Constituency, Dependency, and Link Grammars (Alan Du, 5/14/13)

This was a fairly low key meeting. Only 5 people showed up. Others were presumably studying for APs. My preparation notes can be found here.

We started with a basic review of fundamental constituency grammars. We then reviewed X’ theory before talking about minimalism and bare phrase structure. We then briefly talked about transition grammars, before leaving off with link grammars.

Constituency Grammars

Every word is part of the sentence.
Every word is part of the sentence.

The basic idea of a constituency grammars is that sentences are divided into “phrases”, which are called constituents. To the left, we have a very basic syntax tree, where every word is part of a sentence. Obviously, this isn’t very useful, or informative.

Tree w/ parts of speech labeled
Tree w/ parts of speech labeled

More information comes by adding the parts of speech. We restrict ourselves to nouns, verbs, prepositions, inflections, and determiners for now. Nouns, verbs, and prepositions should be obvious from English class. Determiners are things like articles and demonstratives (the dog, or this one), while inflections include modals and negatives (things like can, cannot, should, and could). For a full treatment of word typology, see here.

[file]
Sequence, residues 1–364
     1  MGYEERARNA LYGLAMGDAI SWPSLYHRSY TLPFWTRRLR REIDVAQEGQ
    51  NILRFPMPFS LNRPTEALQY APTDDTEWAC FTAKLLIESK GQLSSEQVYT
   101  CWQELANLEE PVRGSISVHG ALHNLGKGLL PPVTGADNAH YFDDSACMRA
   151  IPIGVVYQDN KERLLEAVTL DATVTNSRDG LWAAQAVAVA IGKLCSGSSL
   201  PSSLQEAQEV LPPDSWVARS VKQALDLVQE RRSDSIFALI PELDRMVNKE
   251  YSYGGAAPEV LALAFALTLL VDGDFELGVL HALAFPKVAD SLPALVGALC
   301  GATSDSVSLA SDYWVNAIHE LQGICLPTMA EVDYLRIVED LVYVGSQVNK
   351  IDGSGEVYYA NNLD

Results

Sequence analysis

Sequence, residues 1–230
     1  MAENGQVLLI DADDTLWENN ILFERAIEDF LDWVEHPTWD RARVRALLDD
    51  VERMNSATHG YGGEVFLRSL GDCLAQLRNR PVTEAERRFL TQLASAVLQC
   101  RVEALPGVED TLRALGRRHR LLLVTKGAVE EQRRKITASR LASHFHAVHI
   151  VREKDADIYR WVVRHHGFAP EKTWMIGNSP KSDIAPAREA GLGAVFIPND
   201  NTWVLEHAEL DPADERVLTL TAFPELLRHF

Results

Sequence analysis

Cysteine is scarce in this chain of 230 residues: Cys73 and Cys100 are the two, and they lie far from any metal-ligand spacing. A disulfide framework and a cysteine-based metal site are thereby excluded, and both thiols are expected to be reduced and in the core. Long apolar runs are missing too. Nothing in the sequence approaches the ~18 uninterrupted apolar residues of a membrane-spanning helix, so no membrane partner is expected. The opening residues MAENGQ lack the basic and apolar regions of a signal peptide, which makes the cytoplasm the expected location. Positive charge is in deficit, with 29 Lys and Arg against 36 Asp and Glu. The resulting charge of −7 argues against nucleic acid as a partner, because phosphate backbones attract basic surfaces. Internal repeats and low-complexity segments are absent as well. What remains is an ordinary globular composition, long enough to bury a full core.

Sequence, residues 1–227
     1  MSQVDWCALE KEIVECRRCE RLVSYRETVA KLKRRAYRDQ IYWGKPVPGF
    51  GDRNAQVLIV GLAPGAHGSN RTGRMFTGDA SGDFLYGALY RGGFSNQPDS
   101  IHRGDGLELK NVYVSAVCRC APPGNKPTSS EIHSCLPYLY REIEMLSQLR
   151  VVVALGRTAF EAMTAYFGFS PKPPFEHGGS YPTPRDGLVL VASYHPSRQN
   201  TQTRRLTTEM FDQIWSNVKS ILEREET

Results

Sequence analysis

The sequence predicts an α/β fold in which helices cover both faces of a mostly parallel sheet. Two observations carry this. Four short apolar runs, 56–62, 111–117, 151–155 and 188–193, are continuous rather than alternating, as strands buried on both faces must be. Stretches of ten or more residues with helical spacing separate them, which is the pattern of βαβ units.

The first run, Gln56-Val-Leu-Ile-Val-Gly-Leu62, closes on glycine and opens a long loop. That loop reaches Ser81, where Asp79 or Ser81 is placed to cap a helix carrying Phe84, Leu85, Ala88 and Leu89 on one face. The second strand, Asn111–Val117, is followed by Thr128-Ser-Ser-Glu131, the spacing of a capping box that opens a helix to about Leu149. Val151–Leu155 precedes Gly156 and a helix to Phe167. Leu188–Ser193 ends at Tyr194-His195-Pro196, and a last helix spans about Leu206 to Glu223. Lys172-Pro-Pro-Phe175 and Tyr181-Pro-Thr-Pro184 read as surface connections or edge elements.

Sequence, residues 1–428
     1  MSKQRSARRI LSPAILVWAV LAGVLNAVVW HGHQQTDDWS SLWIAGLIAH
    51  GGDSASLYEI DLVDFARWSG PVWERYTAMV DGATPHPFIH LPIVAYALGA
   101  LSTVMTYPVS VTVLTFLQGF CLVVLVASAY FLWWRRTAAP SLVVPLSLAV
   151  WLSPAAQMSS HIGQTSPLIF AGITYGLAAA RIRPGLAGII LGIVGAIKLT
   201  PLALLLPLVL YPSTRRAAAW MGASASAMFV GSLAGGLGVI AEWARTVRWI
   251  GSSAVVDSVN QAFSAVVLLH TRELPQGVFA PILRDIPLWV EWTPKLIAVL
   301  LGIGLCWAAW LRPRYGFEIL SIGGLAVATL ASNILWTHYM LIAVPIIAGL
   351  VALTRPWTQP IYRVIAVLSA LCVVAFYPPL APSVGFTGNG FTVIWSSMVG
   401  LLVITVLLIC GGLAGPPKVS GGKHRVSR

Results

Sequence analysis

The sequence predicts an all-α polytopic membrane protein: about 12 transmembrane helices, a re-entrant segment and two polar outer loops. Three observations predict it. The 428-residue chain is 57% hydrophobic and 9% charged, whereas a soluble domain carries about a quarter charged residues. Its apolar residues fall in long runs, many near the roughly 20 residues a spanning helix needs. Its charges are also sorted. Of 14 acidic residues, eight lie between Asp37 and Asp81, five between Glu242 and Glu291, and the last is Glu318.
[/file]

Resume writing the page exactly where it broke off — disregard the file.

"the problem" seems more tightly bound than the entire sentence.
“the problem” seems more tightly bound than the entire sentence.

This is a bit better, but there are still issues. Intuitively, “the problem” is more tightly connected together than the rest of the sentence. “The problem” is therefore marked as a phrase – in this case, a noun phrase (denoted NP). A more formal view of constituency tests can be found here. For now, intuition is fine..

Logical conclusion of merge process
If we continue finding constituency phrases, we’ll get something like this.

Rewrite Rules

The tree we made is a binary tree, something that is applicable to all constituency trees. This is principle is called the binary branching principle.

Trees can also be represented as rewrite rules. A rewrite rule replaces a node in a tree with its children. For example, a rewrite rule of our sentence is: S → NP IP . Another is NP → D N . You can think of these rewrite rules as determining how we (humans) actually generate language – we start with an S node, and gradually replace them with rewrite rules to form a sentence.

X’ Theory